Tag Archives: healthy boundaries

The Truth About Boundaries in a Cancel Culture

Creating boundaries is all the rage these days. In the name of self-care, people say no to events, obligations, and even people (COVID aside).

This may sound all well and good, but as my husband recently pointed out when we discussed this very topic, “boundaries” have all too often become a euphemism for “canceling.”

Maybe since Valentine’s Day is near I should be focused on something more lovey-dovey than the way society has commandeered the meaning of boundaries, but…well, here we are.

Before I go any further, please hear this. I am in no way, shape, or form saying that creating strict boundaries with people is always bad. In cases of abuse or other extreme circumstances, please do separate yourself and get the help you need. Sometimes reconciling isn’t in the cards—I totally get that. But often, in regular circumstances (whatever that means), it is.

Cancel culture is all around us, and it extends well beyond politics and into personal relationships, although the practice is the same.

You don’t agree with my political candidate? I can’t talk to you ever again. You’re cancelled.

You dared to protest the most recent social issue? You just don’t get it. Cancelled.

You dared not to protest the most recent issue? You clearly don’t get it. Cancelled.

Something needs to change.

When the topic of setting healthy boundaries first entered my world a handful of years ago, I was all for it. At the time I was in the middle of raising and homeschooling three very young children and helping plant a church. It seemed there wasn’t one spare second in the day to call my own, which didn’t sit well with my mental health. I’m an introverted gal who craves me-time like chocolate.

When I started functioning more like a robot and less like a human, I finally read a book on setting prayerful, healthy boundaries, and it was super freeing. I totally encourage this sort of intentional boundary-setting. My entire family grew healthier because of it.

What I didn’t do was cut people and things out of my life based on what would make life easiest and happiest for me. In my boundary-setting, the focus wasn’t ME. My new focus was allowing God to guide my time and commitments. He loves to help people do that, by the way.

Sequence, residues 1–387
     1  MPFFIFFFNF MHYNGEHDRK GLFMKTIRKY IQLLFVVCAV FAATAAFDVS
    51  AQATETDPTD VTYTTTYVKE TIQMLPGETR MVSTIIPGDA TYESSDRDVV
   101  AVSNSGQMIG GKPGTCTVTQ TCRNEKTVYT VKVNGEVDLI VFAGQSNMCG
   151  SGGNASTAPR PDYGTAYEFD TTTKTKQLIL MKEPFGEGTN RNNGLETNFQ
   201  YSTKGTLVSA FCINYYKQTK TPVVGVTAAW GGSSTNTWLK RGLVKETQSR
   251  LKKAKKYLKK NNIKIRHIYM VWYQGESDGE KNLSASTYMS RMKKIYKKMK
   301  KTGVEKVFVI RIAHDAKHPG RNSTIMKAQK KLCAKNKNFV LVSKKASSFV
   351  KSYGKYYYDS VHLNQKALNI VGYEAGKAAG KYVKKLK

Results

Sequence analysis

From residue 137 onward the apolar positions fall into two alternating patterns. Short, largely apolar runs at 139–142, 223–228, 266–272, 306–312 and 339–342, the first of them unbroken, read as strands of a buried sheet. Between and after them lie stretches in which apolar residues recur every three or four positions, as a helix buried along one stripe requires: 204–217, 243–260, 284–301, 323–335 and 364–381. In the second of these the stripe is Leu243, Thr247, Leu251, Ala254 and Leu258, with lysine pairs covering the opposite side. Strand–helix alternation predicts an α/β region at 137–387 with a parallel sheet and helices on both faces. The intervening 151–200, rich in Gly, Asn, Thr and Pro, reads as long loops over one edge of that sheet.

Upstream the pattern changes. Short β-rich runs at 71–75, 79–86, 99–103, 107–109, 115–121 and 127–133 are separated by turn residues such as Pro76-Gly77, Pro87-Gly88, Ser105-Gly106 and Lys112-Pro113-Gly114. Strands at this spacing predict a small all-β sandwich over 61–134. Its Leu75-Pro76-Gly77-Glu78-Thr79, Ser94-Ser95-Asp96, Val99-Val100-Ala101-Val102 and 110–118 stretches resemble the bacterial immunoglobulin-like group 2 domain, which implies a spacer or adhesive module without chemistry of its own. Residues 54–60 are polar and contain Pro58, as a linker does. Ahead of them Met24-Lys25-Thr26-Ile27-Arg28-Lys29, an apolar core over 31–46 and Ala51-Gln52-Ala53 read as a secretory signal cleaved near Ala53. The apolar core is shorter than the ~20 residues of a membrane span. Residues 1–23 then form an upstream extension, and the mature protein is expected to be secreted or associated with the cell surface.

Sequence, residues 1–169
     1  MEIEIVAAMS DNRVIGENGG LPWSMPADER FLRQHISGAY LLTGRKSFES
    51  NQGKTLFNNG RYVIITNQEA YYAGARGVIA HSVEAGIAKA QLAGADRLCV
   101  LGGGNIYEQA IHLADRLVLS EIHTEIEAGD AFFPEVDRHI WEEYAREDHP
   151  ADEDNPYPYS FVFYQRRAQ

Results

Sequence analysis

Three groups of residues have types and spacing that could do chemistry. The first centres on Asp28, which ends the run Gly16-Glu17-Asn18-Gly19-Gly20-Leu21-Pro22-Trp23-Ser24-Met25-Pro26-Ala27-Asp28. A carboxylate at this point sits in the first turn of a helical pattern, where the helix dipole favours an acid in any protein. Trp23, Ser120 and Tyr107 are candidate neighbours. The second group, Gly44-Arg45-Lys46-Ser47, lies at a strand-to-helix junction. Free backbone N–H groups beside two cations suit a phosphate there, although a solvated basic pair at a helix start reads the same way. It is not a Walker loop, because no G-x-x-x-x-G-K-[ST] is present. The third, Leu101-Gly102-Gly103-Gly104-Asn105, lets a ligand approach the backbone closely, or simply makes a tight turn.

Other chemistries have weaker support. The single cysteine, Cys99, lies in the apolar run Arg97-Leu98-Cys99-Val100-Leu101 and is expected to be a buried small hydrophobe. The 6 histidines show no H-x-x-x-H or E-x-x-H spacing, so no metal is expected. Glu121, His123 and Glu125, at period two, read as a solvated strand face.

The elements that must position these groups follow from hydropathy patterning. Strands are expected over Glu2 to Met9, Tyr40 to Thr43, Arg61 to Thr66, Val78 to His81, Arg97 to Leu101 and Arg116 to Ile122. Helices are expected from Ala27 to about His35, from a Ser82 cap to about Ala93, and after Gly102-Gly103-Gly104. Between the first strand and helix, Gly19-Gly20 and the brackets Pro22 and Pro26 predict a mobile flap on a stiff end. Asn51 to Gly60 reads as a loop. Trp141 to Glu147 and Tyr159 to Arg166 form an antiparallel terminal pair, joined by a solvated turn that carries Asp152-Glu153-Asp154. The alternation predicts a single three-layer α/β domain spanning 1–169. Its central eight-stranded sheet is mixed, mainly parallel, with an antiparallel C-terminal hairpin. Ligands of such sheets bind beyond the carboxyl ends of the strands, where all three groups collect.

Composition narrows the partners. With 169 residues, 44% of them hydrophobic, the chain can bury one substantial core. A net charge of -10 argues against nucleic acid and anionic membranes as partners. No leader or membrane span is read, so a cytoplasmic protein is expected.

It saddens me to watch people today hijacking the word “boundary” to instead mean “cancel.” It saddens me to watch families split apart because of ultimatums and hard hearts; an unwillingness to look beyond one’s self to see the bigger picture.

The word “sacrifice” has nearly become a dirty word, and social media all too often cheers people on in these selfish behaviors. Why would I sacrifice anything for someone else if I could just cut them out of my life? Why would I put forth the effort it takes to reconcile relationships that don’t serve me the way I desire?

Because that’s what we’re called to do.

As Christians, we are called to serve others (1 Peter 4:10). We are called to forgive (Colossians 3:13). We are called to love everyone, including our enemies (Luke 6:27-28). We are called to share the gospel (Romans 10:14-15).

Here’s the Jessie-paraphrase: We are called to get over ourselves for the sake of others.

Admittedly, most of these callings do not come without struggle. So, what then? Do we cut these things out of our lives because they’re too hard? Or do we press on with the strength of Jesus, letting him guide us and carry our burdens as we go?

In the world of politics and in a society filled with strong opinions on all sorts of issues, sometimes we just can’t seem to win. Somebody, somewhere is ready to cancel (or set a “boundary” with) us as soon as we open our mouths.

Instead, what if we did whatever was in our power to find common ground and encourage reconciliation? What if we agreed to disagree without entirely writing off the other person? What if we tried speaking and listening with peace, holding onto the humble and forgiving notion that maybe, just maybe, none of us has it all figured out. There’s always more to learn and ways to grow in understanding.

If enough of us lived that way, our world just may be rocked. But it’s not something we can accomplish alone. Nope, we need lots of grace and strength from our Creator in order to march on, doing our best to show Jesus to the world through our lives.

Dear God,

Relationships can be so challenging. Please help us strive for peace, being willing to speak in love, ready to forgive, and willing to serve, rather than doing what’s easy. Where others have cut us out of their lives and we feel deeply wronged, wrap us in your comfort—the peace that truly does surpass all understanding. Help our hearts stay open to reconciliation where appropriate as you work in the hearts of all involved. We crave your mighty works in our relationships, Lord. Make the impossible possible, and give us strength to follow your example even in the storm. Thank you for being good all the time. Thank you that we can trust you with our lives and the lives of our families and friends. Thank you that your purposes are higher than we can see. Amen.

Thank you for reading! I’d love to hear your thoughts or experiences on the matter of boundaries—just drop me a comment below!

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